A "ground-breaking" new study has highlighted that grouse shooting delivers significant socio-economic benefits.

Commissioned by the Scottish Government, the research - led by Scotland’s Rural College in conjunction with the James Hutton Institute - shows that grouse shooting sustains many jobs and delivers high levels of local and regional investment while receiving no public funding.

The study also suggested that a widespread transition away from driven grouse towards woodland creation would likely result in job losses "in some regions", although it cites the potential to offset some of these losses through tourism development. 

It highlighted that the ongoing need for deer management would require the retention of some gamekeeping roles, particularly where estates have already developed diversified enterprises to offset costs. 

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The research has been published prior to the Scottish Government’s response to the independent review on grouse moor management known as the Werritty Review.

BASC Scotland Director, Dr Colin Shedden, said: “This research confirms that grouse shooting, especially driven shooting, makes an enormous socio-economic contribution across the uplands of Scotland. Despite running at a net loss, driven grouse shooting enterprises boost employment and drive rural business.

“The research also highlights how sporting enterprises are entirely self-sustaining. While conservation enterprises rely on public funding for 79 per cent of their revenue, grouse shooting and deer stalking enterprises require no direct public funding whatsoever. The study affirms that an outstanding array of benefits are delivered on grouse moors at no expense to the public purse.

“The Scottish Government must consider the findings of this research when it formally responds to the recommendations of the independent review into grouse moor management later this year. The contribution made by grouse shooting is integral to rural Scotland, and every effort must be made to safeguard the lifeline it provides to upland communities.”

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Liz Smith MSP, Shadow Cabinet Secretary for the Environment, Climate Change and Land Reform, said: “This research strongly evidences the socio-economic credentials of grouse shooting as an important and much-valued upland land use.

“Such is the scale of its contribution, it would be profoundly irresponsible of the Scottish Government not to consider the socio-economic implications of imposing unnecessary and damaging regulation on the sector when it formally responds to the independent review into grouse moor management later this year.”

The study also provided unique and independently conducted insights into Scotland's gamekeeping profession.

Key findings from the research showed that familial ties mean that gamekeepers often perceive it as a ‘vocation’ or ‘way of life’, rather than a career - and most believe that they are working to improve habitats for "the betterment of wildlife."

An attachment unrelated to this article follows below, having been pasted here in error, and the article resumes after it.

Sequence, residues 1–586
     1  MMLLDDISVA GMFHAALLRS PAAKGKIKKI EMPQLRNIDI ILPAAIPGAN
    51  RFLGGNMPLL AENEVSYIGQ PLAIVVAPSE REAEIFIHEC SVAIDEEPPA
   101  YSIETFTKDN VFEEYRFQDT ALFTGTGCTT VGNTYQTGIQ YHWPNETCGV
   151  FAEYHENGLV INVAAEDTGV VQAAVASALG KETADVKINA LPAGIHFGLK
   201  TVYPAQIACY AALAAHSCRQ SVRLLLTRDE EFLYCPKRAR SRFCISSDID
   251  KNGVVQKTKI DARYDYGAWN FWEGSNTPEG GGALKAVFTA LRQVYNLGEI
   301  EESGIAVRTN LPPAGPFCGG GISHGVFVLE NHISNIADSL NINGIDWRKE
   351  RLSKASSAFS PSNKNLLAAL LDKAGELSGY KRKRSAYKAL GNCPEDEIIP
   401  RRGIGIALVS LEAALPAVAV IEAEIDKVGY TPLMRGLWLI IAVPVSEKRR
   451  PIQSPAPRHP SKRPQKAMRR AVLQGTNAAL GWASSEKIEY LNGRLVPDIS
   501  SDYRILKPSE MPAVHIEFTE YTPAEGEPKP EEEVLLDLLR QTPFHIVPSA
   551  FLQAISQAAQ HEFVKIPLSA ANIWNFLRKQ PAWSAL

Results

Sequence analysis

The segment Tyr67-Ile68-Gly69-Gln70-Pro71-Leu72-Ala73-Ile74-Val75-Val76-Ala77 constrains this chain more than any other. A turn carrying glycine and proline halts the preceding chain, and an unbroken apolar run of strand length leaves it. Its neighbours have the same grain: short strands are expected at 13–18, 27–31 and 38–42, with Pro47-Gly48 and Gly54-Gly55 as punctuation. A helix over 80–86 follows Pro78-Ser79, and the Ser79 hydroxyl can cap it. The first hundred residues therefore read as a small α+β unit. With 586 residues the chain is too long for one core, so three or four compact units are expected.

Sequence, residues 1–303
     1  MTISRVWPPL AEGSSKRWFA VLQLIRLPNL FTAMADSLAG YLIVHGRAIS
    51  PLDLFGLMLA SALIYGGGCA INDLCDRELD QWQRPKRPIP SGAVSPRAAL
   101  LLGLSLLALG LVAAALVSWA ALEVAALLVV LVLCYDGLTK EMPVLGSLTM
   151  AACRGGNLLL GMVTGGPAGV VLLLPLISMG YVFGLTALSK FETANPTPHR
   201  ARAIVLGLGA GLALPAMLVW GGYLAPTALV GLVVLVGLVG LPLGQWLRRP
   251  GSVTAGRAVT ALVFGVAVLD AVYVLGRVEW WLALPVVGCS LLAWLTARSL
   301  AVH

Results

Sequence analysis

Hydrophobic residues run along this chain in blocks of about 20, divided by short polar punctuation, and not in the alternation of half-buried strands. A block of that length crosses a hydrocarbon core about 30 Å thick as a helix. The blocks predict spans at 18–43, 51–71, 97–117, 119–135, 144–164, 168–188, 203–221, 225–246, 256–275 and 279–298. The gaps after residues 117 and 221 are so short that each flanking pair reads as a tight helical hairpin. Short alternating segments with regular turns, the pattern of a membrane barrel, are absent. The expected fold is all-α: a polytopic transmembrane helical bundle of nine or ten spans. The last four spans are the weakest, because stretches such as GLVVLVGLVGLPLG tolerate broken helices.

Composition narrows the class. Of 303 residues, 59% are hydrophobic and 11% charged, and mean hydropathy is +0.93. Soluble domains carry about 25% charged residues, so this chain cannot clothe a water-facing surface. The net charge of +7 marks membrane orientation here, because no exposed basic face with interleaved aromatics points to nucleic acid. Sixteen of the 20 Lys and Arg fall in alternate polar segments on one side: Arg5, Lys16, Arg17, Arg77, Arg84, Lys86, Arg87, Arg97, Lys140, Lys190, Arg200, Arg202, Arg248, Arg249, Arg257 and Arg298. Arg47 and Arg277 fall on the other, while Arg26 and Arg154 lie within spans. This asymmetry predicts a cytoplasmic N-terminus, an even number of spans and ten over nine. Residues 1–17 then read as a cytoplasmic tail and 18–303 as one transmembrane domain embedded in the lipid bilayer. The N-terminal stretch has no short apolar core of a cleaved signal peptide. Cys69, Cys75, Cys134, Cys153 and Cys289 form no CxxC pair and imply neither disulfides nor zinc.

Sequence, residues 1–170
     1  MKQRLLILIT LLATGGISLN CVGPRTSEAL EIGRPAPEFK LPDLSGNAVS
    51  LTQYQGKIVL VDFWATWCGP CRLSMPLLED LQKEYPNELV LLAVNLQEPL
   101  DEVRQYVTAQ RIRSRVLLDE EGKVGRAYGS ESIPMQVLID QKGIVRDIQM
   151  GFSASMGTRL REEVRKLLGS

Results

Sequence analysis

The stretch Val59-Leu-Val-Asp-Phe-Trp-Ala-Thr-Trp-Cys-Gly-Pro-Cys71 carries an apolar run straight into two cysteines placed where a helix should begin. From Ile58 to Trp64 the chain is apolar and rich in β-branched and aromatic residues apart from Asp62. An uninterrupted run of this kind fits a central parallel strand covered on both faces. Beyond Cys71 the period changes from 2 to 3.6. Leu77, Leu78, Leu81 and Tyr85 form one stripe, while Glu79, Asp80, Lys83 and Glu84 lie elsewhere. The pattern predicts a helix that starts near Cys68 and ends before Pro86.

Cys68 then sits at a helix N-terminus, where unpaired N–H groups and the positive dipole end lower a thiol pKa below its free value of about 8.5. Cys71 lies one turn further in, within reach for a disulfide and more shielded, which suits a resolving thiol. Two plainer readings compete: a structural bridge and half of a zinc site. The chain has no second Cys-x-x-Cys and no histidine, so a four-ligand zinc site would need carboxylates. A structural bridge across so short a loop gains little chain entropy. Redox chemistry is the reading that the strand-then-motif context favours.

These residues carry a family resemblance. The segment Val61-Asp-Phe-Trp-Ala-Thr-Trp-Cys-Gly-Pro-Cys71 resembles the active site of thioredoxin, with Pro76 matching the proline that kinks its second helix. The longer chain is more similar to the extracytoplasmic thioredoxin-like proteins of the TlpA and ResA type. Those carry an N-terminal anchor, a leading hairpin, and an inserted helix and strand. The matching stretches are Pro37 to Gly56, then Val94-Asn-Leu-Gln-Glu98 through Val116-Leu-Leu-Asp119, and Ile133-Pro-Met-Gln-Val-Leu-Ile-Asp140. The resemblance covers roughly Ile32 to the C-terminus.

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The study also found that gamekeepers regularly undertook vocational training, with only very few having no formal qualifications.

Furthermore, many of the gamekeepers surveyed often feel "vilified" by mass and social media - leading to work stress, incidents of verbal or even physical abuse, and wilful damage of property.

For many of the gamekeepers involved in the study, there was a "desire to have more open, public dialogue about practical land management options" in order to create greater consensus instead of conflict, with calls for more done to educate the general public about the profession so that they can develop "more informed opinions."

Alex Hogg, Chairman of the Scottish Gamekeepers Association, said: “The report researchers have substantiated what we have always said. Driven grouse shooting has disproportionate employment and economic benefits in the areas where it occurs. It helps to keep the heartbeat in fragile communities and the lights on in the glen houses.

“Gamekeepers play key roles in their communities and their work, which has no drain on public finances, extends beyond their own ground. They are offering un-subsidised deer management, habitat improvement and predator control which also helps protect farm livestock and forestry. This comes at no cost to the public purse.

“These people offer much to Scotland and it troubles me deeply that so many (64%) are suffering threats and abuse in their jobs. They are under intense scrutiny at all times, they are persistently targeted by campaign groups and they are suffering from a lack of government support and little appreciation of the work they do.

“They are a major part of Scotland’s cultural heritage and deserve government backing instead of constant attack.”